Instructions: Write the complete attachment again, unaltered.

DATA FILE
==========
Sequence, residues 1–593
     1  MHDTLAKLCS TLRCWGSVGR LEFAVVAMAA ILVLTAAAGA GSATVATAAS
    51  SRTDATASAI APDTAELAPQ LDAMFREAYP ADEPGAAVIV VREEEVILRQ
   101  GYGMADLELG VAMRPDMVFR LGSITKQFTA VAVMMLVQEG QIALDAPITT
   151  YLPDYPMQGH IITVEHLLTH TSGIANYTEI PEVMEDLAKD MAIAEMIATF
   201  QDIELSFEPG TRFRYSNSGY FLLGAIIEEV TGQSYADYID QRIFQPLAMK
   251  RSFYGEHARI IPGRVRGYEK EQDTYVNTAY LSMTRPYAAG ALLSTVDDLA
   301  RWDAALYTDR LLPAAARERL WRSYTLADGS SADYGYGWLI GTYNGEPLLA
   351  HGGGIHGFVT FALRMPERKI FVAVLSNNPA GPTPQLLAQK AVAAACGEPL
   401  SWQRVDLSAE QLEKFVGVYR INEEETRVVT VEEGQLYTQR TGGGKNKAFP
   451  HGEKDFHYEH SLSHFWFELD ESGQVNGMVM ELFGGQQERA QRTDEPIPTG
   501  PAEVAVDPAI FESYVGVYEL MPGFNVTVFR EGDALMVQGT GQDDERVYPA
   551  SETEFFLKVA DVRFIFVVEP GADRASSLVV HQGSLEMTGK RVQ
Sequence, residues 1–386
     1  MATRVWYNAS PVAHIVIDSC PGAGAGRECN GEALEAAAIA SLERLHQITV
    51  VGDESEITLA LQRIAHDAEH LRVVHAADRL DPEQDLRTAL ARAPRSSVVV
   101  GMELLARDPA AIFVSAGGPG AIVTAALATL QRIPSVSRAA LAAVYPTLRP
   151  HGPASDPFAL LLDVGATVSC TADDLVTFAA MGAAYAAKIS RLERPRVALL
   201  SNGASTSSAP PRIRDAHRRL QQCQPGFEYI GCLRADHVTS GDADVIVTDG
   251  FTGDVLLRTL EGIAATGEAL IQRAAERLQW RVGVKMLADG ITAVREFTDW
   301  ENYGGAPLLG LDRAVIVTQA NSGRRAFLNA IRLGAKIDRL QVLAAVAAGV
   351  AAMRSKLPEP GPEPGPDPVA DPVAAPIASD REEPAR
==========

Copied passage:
Sequence, residues 1–593
     1  MHDTLAKLCS TLRCWGSVGR LEFAVVAMAA ILVLTAAAGA GSATVATAAS
    51  SRTDATASAI APDTAELAPQ LDAMFREAYP ADEPGAAVIV VREEEVILRQ
   101  GYGMADLELG VAMRPDMVFR LGSITKQFTA VAVMMLVQEG QIALDAPITT
   151  YLPDYPMQGH IITVEHLLTH TSGIANYTEI PEVMEDLAKD MAIAEMIATF
   201  QDIELSFEPG TRFRYSNSGY FLLGAIIEEV TGQSYADYID QRIFQPLAMK
   251  RSFYGEHARI IPGRVRGYEK EQDTYVNTAY LSMTRPYAAG ALLSTVDDLA
   301  RWDAALYTDR LLPAAARERL WRSYTLADGS SADYGYGWLI GTYNGEPLLA
   351  HGGGIHGFVT FALRMPERKI FVAVLSNNPA GPTPQLLAQK AVAAACGEPL
   401  SWQRVDLSAE QLEKFVGVYR INEEETRVVT VEEGQLYTQR TGGGKNKAFP
   451  HGEKDFHYEH SLSHFWFELD ESGQVNGMVM ELFGGQQERA QRTDEPIPTG
   501  PAEVAVDPAI FESYVGVYEL MPGFNVTVFR EGDALMVQGT GQDDERVYPA
   551  SETEFFLKVA DVRFIFVVEP GADRASSLVV HQGSLEMTGK RVQ
Sequence, residues 1–386
     1  MATRVWYNAS PVAHIVIDSC PGAGAGRECN GEALEAAAIA SLERLHQITV
    51  VGDESEITLA LQRIAHDAEH LRVVHAADRL DPEQDLRTAL ARAPRSSVVV
   101  GMELLARDPA AIFVSAGGPG AIVTAALATL QRIPSVSRAA LAAVYPTLRP
   151  HGPASDPFAL LLDVGATVSC TADDLVTFAA MGAAYAAKIS RLERPRVALL
   201  SNGASTSSAP PRIRDAHRRL QQCQPGFEYI GCLRADHVTS GDADVIVTDG
   251  FTGDVLLRTL EGIAATGEAL IQRAAERLQW RVGVKMLADG ITAVREFTDW
   301  ENYGGAPLLG LDRAVIVTQA NSGRRAFLNA IRLGAKIDRL QVLAAVAAGV
   351  AAMRSKLPEP GPEPGPDPVA DPVAAPIASD REEPAR